From orchids and salad greens to goat cheese, farmers markets are booming with locally grown produce and hand-crafted items. They're also ushering in a new class of entrepreneurs and infusing energy into downtowns.
Rick Parsons loved cooking up New Orleans-Cajun style recipes for friends and at parties. But he never thought of it as a livelihood until he was downsized from his corporate job.
When a friend suggested that Parsons forgo an extensive job search and test his cooking skills at the St. Petersburg Saturday Morning Market
, he thought why not.
That was two years ago. Today, Parsons and his wife Lisa not only manage a thriving market business, but the success of that venture allowed them to expand further. Last year they opened Ricky P's Po Boy Sandwich Shop
. And negotiations are underway to open a second shop this summer.
Pam Lunn had much the same experience. In 2002 when she and her husband lost their jobs at area companies, Lunn decided to turn a couple of dairy goats and chickens into something more substantial than her children's backyard 4-H project. Now her business, The Dancing Goat
, is thriving and she's a regular at markets in Seminole Heights, St. Petersburg and Tampa, where she sells goat cheese, goat milk soap, fresh eggs and similar products.
What's going on? In today's down economy, markets can be the perfect antidote for entrepreneurs who want to launch a product line with relatively little risk or upfront investment, says Gail Eggeman, market manager of the St. Petersburg Saturday Morning Market. She estimates that her market has served as a sort of mini-business incubator for at least 25 small business owners.
"There is no doubt in my mind that I owe my success to the market," says Parsons. "It gave me an opportunity to test my recipes. Once we had a marketable product, it bolstered my confidence about going forward with a restaurant. Now the market feeds our business, driving people to the restaurant after they've sampled our food at the booth."
Judy Staunko, who helped co-found the market with Eggeman, agrees. "The market offers a supportive community for people to get immediate feedback on their product. It is a really safe and accessible way for people's dreams to be tested."
Staunko should know. She and her brother Bill are the owners of the popular Spice Routes
booth at the Saturday market, which led to them opening a daily lunch café located at First Unity Church
in St. Petersburg. Staunko now buys her fresh produce from the farmers at the market.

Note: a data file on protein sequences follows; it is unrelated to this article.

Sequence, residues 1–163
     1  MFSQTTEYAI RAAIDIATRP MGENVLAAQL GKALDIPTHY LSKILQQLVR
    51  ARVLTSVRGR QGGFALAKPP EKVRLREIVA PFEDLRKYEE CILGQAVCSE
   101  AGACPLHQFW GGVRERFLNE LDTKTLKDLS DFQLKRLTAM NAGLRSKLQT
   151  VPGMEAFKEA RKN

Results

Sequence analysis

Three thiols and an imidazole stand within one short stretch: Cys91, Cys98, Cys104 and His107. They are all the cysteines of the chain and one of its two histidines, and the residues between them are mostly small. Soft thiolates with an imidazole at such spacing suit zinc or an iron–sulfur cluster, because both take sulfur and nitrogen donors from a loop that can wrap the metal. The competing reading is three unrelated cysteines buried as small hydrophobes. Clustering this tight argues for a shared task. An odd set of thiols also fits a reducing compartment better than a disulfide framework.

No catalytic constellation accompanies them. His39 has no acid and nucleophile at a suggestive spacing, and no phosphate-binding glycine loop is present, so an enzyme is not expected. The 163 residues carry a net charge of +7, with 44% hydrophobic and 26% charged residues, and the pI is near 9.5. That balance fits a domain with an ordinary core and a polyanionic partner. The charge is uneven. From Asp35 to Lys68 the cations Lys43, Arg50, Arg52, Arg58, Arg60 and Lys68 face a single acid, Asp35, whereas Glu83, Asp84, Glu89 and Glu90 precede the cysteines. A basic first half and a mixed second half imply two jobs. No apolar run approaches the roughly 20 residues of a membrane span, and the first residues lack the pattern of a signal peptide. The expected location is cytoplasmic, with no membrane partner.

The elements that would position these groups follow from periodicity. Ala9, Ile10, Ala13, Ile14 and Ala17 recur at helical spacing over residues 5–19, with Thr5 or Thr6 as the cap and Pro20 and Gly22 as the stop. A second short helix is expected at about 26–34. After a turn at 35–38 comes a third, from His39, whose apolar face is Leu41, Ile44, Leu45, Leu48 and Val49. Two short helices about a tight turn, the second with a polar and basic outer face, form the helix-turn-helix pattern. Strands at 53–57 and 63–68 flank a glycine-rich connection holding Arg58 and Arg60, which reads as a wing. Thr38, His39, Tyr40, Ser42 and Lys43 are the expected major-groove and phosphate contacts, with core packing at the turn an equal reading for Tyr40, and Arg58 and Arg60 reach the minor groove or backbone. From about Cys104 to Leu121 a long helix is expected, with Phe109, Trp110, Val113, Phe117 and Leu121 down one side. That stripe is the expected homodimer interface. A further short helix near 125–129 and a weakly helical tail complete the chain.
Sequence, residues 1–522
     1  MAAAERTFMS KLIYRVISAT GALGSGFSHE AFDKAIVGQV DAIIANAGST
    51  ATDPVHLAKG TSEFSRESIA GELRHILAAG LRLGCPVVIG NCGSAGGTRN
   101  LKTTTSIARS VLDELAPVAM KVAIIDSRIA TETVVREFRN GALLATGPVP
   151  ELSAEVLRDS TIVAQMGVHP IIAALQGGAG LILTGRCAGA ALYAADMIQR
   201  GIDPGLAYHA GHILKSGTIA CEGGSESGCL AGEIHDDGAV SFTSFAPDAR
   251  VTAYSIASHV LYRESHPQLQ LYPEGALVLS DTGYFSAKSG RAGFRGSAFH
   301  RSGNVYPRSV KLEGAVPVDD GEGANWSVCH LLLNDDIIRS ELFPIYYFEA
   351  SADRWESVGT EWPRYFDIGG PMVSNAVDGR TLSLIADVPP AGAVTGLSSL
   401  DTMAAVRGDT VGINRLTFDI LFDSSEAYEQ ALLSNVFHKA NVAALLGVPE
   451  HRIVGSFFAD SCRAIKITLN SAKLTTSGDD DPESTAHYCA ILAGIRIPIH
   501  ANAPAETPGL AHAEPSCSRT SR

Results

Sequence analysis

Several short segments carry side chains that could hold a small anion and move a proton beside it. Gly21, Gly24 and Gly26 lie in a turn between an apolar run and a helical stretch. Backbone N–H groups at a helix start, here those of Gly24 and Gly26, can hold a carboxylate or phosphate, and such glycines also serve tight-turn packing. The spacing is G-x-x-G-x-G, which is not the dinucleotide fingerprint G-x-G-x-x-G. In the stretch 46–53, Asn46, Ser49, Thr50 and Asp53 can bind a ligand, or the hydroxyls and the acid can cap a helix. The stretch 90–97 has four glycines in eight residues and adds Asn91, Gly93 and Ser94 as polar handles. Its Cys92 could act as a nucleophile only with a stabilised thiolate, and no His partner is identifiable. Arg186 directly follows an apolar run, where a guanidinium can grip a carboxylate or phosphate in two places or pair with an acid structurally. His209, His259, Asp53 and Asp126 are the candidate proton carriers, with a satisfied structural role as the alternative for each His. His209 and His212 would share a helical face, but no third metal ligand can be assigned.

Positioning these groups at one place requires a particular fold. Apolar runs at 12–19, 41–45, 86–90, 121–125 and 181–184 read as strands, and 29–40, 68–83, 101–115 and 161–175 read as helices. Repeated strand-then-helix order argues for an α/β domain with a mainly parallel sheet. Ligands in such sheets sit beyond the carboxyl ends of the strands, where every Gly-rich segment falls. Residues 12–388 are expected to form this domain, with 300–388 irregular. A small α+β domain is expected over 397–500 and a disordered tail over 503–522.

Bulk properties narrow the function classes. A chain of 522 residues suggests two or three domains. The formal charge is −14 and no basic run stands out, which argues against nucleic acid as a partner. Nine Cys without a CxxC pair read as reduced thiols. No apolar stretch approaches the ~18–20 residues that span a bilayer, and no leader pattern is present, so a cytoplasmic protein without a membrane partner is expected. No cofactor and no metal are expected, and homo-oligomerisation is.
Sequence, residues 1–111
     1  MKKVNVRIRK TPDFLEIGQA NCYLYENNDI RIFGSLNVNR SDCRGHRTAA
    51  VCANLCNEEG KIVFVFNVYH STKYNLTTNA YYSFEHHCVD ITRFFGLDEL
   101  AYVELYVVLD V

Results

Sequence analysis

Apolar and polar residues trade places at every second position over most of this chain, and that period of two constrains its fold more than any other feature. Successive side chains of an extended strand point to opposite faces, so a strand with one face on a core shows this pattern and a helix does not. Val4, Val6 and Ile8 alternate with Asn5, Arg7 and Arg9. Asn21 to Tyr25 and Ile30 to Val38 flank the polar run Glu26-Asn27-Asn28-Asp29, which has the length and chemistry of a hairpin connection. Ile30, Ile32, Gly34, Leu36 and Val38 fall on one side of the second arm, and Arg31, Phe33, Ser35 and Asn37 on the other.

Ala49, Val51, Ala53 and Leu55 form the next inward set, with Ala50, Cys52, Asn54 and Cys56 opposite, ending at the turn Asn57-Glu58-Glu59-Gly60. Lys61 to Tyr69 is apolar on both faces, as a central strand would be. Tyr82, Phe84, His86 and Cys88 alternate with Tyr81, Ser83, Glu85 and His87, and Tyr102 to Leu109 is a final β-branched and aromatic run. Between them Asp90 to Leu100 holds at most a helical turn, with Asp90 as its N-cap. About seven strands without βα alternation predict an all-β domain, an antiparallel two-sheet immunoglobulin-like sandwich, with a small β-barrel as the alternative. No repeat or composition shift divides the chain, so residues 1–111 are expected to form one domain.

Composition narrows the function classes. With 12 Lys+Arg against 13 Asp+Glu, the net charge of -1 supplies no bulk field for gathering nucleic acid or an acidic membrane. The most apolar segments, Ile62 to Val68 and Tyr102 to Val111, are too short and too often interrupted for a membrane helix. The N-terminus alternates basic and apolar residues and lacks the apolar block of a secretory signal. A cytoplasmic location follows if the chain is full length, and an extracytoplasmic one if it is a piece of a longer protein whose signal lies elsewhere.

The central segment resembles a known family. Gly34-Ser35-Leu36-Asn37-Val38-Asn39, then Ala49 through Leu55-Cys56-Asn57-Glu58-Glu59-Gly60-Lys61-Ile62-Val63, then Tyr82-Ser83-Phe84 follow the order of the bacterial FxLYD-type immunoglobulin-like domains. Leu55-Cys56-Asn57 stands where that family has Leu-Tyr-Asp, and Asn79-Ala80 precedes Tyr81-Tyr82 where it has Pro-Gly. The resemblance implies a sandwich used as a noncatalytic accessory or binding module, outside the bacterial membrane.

Farmers' markets are a growing trend not just in Tampa Bay, but throughout the country. According to the U.S. Department of Agriculture
, nationwide there were approximately 5,275 farmers' markets in 2009, up from 1,755 in 1994.
Florida is showing the same trend. "Five years ago there were maybe 70 farmer markets in Florida," says John Matthews, chairman of the Florida Association of Community Farmers Markets. "Today we're at 120 and growing."
The St. Petersburg market initially launched in 1996 as a grassroots effort with a group of friends who wanted to create a community venue with a garden, kitchen and market, but the timing wasn't right, says Eggeman. Six years later, as St. Petersburg's downtown was taking off with new retail and residential development, the group ventured out again. A $1,000 economic grant from the Allegany Franciscan Ministries
gave them a much-needed foundation of support.
Within a short time, the market was adding new life to the heart of the city. Starting with just 20 vendors and several hundred attendees, it has grown to become one of the largest in the Southeast with about 200 vendors and up to 10,000 people attending. The economic impact on downtown St. Petersburg has been very positive, says Sophia Sorolis, manager of economic development for the city. "It brings significant foot traffic to downtown on a Saturday morning. And many of those people will then spin off and visit local shops and restaurants," she says.Hungry For New Ventures
Downtown Tampa's market was the inspiration of the Tampa Downtown Partnership
, a downtown economic development advocacy organization. "We were looking for ideas that would encourage more traffic and excitement downtown," says Paul Ayres, the partnership's director of marketing and business development.